“Your narrator takes you back to the days when earth and air are divided, everything is broken as crackle and then fell apart into small particles. After the complete collapse of “One” in an infinite number of particles, a beginning of order does arise. In the course of time more complex forms of life appear. Your narrator does not know the history of this organization because in his current form he was not present at these events. Also, the narrator does not know the complete manner of this order: the various manifestations of this absolute miracle can only be seen if the conditions allow us.
In today’s world we use hierarchies – according to the human dimension – to bring order in the infinite appearances. Some years ago, your narrator read in a book  a description of a hierarchy that is recognisable for people in Western society. This hierarchy does look something like this:
- Non living organisms
- Living organisms
- Law and regulations
- Complex structures
- Villages with their own dynamics
- Cities with its own dynamics
The author of this book  uses an ethical principle stating that every appearance has an equal right to exist. But if a choice between two forms is unavoidable, a more complex appearance – in this case the form on a higher place in the hierarchy – is preferable.
A second hierarchy, your narrator read a few thousand years ago. Nowadays this ranking is for people in Western society less easy to follow. This hierarchy has a ranking of the 31 ‘residences’ :
- Hungry ghosts
- Gods in 22 categories
- Five spheres of infinite space, awareness and emptiness.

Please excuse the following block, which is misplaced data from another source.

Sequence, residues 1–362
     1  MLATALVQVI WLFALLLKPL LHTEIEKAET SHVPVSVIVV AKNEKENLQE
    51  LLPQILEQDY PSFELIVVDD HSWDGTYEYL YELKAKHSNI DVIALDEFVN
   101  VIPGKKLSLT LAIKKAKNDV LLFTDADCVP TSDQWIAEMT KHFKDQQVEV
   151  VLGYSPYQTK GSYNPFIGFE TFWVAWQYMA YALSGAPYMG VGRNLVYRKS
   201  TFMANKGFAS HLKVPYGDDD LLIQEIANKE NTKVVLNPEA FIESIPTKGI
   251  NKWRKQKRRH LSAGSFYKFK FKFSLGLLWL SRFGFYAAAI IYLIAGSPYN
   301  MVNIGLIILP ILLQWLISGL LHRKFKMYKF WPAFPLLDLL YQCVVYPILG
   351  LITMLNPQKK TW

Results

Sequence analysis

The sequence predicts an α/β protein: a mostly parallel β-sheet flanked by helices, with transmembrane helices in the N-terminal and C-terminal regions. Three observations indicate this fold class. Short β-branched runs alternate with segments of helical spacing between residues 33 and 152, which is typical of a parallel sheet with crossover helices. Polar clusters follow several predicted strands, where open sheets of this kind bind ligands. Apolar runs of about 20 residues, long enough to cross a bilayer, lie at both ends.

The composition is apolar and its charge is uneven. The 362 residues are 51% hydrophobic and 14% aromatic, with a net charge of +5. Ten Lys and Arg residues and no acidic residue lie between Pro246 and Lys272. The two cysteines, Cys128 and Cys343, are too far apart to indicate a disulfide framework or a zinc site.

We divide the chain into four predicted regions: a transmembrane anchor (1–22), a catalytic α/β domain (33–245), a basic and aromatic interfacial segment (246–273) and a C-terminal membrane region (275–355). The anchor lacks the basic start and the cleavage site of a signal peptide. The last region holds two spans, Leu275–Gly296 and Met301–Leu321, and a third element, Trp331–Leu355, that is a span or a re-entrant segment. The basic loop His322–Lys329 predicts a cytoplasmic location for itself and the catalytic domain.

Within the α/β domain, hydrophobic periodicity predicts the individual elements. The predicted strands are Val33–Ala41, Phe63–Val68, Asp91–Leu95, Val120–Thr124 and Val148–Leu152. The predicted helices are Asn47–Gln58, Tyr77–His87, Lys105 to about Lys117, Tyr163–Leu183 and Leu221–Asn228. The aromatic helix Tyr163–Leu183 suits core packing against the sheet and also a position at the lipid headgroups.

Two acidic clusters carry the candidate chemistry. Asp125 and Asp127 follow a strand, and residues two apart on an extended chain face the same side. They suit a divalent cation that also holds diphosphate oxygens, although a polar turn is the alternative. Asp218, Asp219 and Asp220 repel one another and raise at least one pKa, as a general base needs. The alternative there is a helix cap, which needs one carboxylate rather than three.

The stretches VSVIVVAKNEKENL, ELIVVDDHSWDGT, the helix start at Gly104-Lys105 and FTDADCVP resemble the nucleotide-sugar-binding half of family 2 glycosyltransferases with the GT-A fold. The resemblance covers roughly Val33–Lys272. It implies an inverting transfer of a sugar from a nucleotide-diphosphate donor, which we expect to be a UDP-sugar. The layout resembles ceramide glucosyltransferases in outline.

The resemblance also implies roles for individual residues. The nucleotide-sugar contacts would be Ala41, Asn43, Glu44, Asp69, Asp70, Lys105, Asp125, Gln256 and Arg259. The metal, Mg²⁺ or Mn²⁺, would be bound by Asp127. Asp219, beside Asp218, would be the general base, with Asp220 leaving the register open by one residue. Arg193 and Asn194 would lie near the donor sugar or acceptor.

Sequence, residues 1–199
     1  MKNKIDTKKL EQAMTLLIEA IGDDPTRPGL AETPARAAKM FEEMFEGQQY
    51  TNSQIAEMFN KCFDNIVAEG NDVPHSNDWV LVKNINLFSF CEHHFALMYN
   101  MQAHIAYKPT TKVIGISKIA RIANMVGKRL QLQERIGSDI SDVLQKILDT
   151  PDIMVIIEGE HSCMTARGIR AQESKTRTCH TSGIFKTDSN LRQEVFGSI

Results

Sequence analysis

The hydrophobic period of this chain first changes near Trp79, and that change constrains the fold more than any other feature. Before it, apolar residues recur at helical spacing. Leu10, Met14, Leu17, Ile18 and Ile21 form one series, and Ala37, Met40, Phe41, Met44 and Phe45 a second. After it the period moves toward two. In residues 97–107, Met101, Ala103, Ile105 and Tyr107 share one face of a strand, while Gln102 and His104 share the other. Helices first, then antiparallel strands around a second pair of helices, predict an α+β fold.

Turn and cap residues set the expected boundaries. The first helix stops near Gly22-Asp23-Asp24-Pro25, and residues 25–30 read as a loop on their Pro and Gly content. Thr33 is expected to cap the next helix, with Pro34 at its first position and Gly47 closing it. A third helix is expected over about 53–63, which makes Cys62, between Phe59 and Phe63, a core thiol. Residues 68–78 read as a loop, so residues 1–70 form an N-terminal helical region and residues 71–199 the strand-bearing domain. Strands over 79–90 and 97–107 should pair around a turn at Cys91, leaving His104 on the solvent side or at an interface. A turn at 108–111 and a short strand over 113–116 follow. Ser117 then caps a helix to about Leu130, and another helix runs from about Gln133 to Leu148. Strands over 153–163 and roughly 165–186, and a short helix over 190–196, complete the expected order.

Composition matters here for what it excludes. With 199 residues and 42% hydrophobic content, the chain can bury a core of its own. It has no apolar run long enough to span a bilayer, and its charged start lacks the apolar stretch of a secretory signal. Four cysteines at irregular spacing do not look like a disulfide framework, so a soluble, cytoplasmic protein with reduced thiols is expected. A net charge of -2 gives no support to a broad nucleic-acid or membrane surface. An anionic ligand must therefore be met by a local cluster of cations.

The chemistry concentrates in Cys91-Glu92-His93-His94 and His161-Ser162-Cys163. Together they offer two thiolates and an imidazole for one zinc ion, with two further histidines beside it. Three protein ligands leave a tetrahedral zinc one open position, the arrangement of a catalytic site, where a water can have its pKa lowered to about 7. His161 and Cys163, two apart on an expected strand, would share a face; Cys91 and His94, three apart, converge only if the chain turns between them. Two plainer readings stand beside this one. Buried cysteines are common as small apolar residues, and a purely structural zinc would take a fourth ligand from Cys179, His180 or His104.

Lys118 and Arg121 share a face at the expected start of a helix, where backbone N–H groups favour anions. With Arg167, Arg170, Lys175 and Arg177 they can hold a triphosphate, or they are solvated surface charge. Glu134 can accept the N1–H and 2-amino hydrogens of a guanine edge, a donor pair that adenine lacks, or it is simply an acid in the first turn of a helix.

In both hierarchies, mankind has a central place. Overestimation of humanity itself? We do not know. On next stage of our Odyssey we will look closer at these two hierarchies.
The Western world also has a dichotomy in heaven and hell. Are heaven and hell nearby or far away, or only reserved for an afterlife? Your narrator does not know. A few decades ago, a priest in Valkenburg explained the difference between heaven and hell hear during sermon.
This priest said: “In hell, people have a minor handicap: they can not bend their arms. They are in a room with most abundant food and drink. But unfortunately they remain forever hungry and thirsty. They can look at the food and drink, because eating is prevented due to their minor handicap.
In heaven, people have the same minor disability and they are in the same room with food and drink. But they have no hunger and thirst, because these people care for each other. One gives the other at arm’s length to drink and eat on needs and satisfaction.”
A nice explanation of one and the same – looked upon in two ways? Or two manifestations depending on different circumstances? Or two different worlds? Your narrator does not know.
The next post is about twins.
 Pirsig, Robert M., Lila, an Inquiry in Morals. London: Bantam Press, 1991
 The Long Discourses of the Buddha. Massachusetts: Wisdom Publications, 1995 p. 38-39